There has thus been outlined, rather broadly, the more important features of the invention in order that the detailed description thereof may be better understood, and in order that the present contribution to the art may be better appreciated. There are additional features of the invention that will be described hereinafter and that will form the subject matter of the claims appended hereto.
In this respect, before explaining at least one embodiment of the invention in detail, it is to be understood that the invention is not limited in its application to the details of construction and to the arrangements of the components set forth in the following description or illustrated in the drawings. The invention is capable of other embodiments and of being practiced and carried out in various ways. Also, it is to be understood that the phraseology and terminology employed herein are for the purpose of the description and should not be regarded as limiting.
A primary object of the present invention is to provide an air powered gun system that will overcome the shortcomings of the prior art devices.
Another object is to provide an air powered gun system that is capable of firing relatively large projectiles significant distances.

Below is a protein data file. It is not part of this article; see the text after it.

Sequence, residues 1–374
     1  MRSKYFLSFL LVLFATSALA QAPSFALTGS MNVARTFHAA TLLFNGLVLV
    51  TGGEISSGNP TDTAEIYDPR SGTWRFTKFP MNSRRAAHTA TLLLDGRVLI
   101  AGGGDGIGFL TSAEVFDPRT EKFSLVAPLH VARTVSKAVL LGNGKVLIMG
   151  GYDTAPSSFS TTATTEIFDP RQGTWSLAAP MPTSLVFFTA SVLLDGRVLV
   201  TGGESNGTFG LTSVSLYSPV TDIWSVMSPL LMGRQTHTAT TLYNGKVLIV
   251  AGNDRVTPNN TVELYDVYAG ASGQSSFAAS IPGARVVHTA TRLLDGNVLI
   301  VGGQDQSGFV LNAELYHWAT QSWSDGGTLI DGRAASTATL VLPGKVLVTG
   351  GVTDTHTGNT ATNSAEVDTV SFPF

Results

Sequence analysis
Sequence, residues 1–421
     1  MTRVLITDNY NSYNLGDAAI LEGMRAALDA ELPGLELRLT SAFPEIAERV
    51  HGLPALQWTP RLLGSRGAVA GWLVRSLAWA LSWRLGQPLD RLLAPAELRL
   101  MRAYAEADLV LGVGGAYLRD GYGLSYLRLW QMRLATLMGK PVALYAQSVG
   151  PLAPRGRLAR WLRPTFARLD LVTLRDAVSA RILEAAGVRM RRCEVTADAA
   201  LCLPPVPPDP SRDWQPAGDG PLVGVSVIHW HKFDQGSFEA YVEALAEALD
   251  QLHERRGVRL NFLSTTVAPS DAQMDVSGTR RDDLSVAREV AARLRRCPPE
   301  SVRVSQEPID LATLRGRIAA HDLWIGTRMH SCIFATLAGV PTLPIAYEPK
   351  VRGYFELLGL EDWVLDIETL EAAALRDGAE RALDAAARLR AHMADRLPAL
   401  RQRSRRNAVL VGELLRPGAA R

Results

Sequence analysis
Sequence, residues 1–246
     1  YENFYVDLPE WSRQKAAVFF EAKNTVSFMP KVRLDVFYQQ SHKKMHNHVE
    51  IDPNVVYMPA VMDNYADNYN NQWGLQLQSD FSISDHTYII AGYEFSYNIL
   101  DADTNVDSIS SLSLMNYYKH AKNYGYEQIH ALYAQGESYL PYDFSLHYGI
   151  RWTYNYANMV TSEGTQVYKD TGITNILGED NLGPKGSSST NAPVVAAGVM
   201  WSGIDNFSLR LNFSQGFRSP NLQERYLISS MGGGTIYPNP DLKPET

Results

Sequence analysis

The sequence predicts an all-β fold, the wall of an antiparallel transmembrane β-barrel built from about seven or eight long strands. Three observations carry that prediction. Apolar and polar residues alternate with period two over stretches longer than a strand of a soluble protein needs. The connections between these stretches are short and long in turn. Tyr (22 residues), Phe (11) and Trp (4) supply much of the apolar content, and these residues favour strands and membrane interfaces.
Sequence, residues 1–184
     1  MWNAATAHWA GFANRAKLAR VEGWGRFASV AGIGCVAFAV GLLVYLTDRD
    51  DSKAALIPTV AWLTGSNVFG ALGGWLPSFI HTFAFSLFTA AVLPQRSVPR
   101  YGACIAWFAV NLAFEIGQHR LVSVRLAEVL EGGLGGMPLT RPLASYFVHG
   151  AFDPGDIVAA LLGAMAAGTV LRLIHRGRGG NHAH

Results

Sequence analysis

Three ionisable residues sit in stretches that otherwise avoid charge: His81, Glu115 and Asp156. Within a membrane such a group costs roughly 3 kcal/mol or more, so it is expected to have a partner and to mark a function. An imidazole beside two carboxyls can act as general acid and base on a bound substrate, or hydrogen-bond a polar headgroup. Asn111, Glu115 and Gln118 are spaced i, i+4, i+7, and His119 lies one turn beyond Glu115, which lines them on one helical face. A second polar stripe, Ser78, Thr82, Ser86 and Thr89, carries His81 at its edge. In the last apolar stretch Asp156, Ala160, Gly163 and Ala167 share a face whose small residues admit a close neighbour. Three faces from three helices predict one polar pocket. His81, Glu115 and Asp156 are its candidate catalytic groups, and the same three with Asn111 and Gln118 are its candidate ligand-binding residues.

An additional object is to provide an air powered gun system that is lightweight and easy to operate.
A further object is to provide an air powered gun system that can be utilized many times without having to reload a pressure cartridge.
Another object is to provide an air powered gun system that is simple in construction.
Other objects and advantages of the present invention will become obvious to the reader and it is intended that these objects and advantages are within the scope of the present invention.
To the accomplishment of the above and related objects, this invention may be embodied in the form illustrated in the accompanying drawings, attention being called to the fact, however, that the drawings are illustrative only, and that changes may be made in the specific construction illustrated and described within the scope of the appended claims.